Saturday, January 9, 2010

"Webster's Falls - Dundas, Ontario"

There are many waterfalls in Southern Ontario and a lot of them are in the Hamilton area. This one in particular is one of my favourites. This is Webster’s Falls. Located in Dundas, Ontario, it is one of the largest waterfalls in the region with a drop if approx. 22 metres.

Getting down to the base of the falls is a combination of inlaid stone steps and steel steps. Once you’re at the bottom, it a matter of carefully navigating your way through either dirt/mud or along the wet rocks to find a good position to shoot.

For the image above, I was able to find a good vantage point without getting too wet from the spray (close but not too close). I found a solid place to set up my tripod. The great thing about tripods with extendable/adjustable legs and a good ball head is that you don’t need a totally flat surface to set up (believe me, there was nothing flat where I was standing).

I shot this with a Canon Rebel XT with a 17-85mm at 17mm, f10 @ 1.6 seconds using a 2 stop neutral density filter. I wanted to use a slower shutter speed to get that silky feeling in the water. I was still learning a lot about photography back then. I realize looking back that I might have been able to get away with stopping down to f22 and still have achieved 1.5 seconds or longer on the shutter. Oh well, live and learn. But I really loved how this turned out. This is still one of my all time favourite images.

For the next image, I left my tripod in the same spot and just rotated the camera to my right to capture some of water flowing out of the base of the falls. (Canon Rebel XT with a 17-85mm at 17mm, f14 @ 2 seconds using a 2 stop neutral density filter).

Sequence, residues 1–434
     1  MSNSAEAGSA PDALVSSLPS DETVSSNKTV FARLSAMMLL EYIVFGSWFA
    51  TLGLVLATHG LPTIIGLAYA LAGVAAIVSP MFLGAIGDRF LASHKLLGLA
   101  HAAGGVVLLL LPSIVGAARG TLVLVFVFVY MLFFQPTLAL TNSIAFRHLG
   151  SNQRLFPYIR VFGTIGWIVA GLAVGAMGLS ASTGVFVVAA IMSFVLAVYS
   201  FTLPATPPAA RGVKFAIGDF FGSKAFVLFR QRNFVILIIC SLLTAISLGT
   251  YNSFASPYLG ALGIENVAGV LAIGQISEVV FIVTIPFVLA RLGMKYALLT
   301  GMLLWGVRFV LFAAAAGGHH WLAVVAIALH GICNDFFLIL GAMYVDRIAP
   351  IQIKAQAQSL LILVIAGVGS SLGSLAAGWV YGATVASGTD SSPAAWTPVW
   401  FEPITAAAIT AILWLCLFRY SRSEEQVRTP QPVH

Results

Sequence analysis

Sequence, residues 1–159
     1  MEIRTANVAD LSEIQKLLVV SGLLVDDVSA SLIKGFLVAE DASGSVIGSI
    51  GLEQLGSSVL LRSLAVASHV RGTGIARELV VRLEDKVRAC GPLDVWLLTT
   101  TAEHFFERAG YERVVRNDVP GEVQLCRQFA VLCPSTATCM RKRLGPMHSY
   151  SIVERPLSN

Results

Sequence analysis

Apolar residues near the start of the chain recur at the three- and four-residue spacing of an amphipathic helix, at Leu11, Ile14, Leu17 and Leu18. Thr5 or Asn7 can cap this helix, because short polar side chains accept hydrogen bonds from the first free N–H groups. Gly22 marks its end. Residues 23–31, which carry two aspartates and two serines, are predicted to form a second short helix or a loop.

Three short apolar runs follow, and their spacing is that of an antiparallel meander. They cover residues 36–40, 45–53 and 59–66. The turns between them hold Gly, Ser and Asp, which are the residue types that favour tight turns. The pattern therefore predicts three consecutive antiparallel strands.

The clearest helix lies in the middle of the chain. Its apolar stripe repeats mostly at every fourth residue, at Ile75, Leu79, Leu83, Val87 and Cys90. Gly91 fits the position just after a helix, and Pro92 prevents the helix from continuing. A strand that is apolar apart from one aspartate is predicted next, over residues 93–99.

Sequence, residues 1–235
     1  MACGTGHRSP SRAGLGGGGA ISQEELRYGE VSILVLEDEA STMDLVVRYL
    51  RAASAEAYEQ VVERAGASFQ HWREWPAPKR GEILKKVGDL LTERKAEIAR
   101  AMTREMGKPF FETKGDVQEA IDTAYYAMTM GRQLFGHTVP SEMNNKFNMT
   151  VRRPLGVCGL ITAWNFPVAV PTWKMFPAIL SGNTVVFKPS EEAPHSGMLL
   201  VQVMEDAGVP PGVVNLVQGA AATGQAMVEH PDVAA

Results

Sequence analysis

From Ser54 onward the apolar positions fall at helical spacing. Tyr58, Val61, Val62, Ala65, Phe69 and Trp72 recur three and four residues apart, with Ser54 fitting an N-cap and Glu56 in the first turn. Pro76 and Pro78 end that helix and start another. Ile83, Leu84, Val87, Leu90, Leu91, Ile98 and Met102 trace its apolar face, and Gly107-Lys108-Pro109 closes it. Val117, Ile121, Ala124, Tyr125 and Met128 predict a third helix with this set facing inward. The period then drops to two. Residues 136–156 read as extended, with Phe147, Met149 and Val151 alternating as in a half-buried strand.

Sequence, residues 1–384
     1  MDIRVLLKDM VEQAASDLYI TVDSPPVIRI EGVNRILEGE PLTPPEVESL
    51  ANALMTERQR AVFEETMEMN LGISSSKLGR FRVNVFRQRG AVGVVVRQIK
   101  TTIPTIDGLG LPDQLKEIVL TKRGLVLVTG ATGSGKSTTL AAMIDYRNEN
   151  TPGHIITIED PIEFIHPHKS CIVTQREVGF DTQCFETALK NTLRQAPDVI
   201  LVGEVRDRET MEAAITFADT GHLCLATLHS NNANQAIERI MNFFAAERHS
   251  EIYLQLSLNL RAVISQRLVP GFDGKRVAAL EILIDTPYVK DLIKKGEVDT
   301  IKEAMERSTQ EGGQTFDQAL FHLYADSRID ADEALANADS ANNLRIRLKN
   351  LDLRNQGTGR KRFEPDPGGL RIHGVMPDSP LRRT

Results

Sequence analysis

One of the many tips I picked up early is after you have shot your target subject, always turn around and look behind you. Essentially, get to your location, find your subject, set-up and take the shot. After you have your shot, and before you walk away, turn your camera around and look behind you, or beside you or just in a different direction than your initial target subject. You might be surprised what you see. I can tell you from experience, I have gotten some better photos from doing this spontaneously than from planning my initial target subject.

The image below is one of those times. After shooting the waterfall, I turned around and had a look behind me. I liked what I saw so I moved around a little to try and get the composition I wanted. It was quite a dreary day so I processed this image in kind of a split tone black and white to change the mood a little. (Canon Rebel XT with a 17-85mm at 41mm, f10 @ 1.3 seconds using a 2 stop neutral density filter).



1 comment:

  1. Nice shots Darren! I've never been to southern Ontario, but I want to now.